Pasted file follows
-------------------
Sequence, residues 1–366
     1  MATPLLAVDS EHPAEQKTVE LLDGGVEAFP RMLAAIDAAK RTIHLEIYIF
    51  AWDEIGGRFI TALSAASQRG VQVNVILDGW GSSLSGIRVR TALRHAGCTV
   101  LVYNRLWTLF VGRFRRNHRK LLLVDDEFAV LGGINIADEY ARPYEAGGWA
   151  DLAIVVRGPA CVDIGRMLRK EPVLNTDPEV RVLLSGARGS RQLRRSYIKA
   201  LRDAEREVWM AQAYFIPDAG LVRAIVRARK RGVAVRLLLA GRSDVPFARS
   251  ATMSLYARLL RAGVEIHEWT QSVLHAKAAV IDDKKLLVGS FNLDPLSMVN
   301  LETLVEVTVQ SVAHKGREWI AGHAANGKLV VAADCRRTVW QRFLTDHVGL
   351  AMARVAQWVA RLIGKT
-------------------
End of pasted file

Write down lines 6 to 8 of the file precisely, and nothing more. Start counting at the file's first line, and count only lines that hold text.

   201  LRDAEREVWM AQAYFIPDAG LVRAIVRARK RGVAVRLLLA GRSDVPFARS
   251  ATMSLYARLL RAGVEIHEWT QSVLHAKAAV IDDKKLLVGS FNLDPLSMVN
   301  LETLVEVTVQ SVAHKGREWI AGHAANGKLV VAADCRRTVW QRFLTDHVGL